A Brief History of Dubbing


Some football clichés appear to be invented by a secret committee - not unlike the shady Dubious Goals Panel - who are referred to only as "they". "Never go back, they say", erm, they say. Nobody listens. 

But "they" are also responsible for football's obsession with dubbing. Not the dubbing that cruelly denied John Wark his only line in Escape to Victory, but rather that of dubbing (or, alternatively, hailing) a player with some unhelpfully comparative praise.

They Have Dubbed Me "The New Ali Dia" - buy the T-shirt here
The New Maradona
The most frequent act of dubbing, so much so that it has its own dedicated Wikipedia page. The threshold for required similarity to the original Maradona is rather low, hence (apologies here, #footballhipsters) the dubbing of Juan Román Riquelme and, rather puzzlingly, that of former Middlesbrough starlet Carlos Marinelli. 

Lionel Messi has faced many understandable questions about his New Maradona dubbage, often choosing to laugh them off or at least acknowledge the flattery (footballers are often flattered by speculation, a quaint Jane Austen-esque football cliché) but it won't be long before The New Messis emerge to endure similar fawning.

The Maradona of...
This is a much more creative alternative to the previous act of dubbing, with a dash of humility too - this player, it implies, may not be Maradona's equal but, well, he's the best we can come up with, yeah? The list of Diego's regional variations is almost endless, but here are some highlights, listed in ascending order of absurdity:

  • Gheorghe Hagi - The Maradona of the Carpathians - understandable, and deservedly grand-sounding.
  • Emre Belözoğlu - The Maradona of the Bosphorus - already pushing it.
  • Saeed Al-Owairan - The Maradona of the Arabs - thanks to some pathetic Belgian defending.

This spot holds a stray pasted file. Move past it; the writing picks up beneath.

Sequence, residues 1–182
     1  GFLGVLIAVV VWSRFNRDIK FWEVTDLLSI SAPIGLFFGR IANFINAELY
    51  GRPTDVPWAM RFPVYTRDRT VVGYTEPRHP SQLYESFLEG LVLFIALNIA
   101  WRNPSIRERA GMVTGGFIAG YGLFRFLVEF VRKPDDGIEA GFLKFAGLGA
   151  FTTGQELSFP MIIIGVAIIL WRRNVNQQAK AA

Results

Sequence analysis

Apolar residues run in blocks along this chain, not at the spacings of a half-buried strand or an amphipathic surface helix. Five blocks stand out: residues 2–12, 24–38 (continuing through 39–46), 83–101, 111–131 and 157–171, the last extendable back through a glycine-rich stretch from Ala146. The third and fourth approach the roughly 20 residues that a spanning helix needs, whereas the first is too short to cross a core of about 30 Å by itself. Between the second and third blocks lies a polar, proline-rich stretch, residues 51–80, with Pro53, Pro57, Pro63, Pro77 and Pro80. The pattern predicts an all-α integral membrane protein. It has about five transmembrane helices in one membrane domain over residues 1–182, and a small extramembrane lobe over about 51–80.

• Ali Karimi - The Maradona of Asia - bestowing dubmanship of an entire continent is just poor form.
  • Ostrava's Maradona - Milan Baros - Who? WHO dubbed him this?
  • Alan Judge - The Irish Messi - Terrace wit is to blame here, it seems.
  • Luciana Aymar - The Maradona of Hockey - Oh for f...
  • Cristian Levis - The Maradona of Basingstoke

Football is fond of flogging a dead horse (often to the tune of Sloop John B), and less glamorous dubbings are to be found everywhere. Ipswich Town signed Veliče Šumulikoski in 2008, their fans appetite whetted by his billing as "the Macedonian Steven Gerrard", although a penchant for frequently overhit crossfield passes was never established. Gianluca Vialli is attributed, perhaps libellously, with hailing new winger Gabriele Ambrosetti as "the Italian Ryan Giggs" during his time at Chelsea. Nowadays, the act of dubbing/hailing has rather lost its value, so keen are we to unearth The Next Gareth Bale before the original one reaches his mid-twenties.

Elsewhere, more poetic dubbings can be found. In a rare act of dub-on-dub violence, the old Maradona was a notable victim of Andoni Goikoetxea, who earned himself the fearsome moniker of The Butcher of Bilbao. The similarly uncompromising and no-nonsense Miguel Ángel Nadal was dubbed the "Beast of Barcelona", which was perhaps a bit much. Even football matches, such as the infamous Battle of Santiago, are not safe from the dubbers.


Yours in cliché,

The Brian Glanville of Zone 3.


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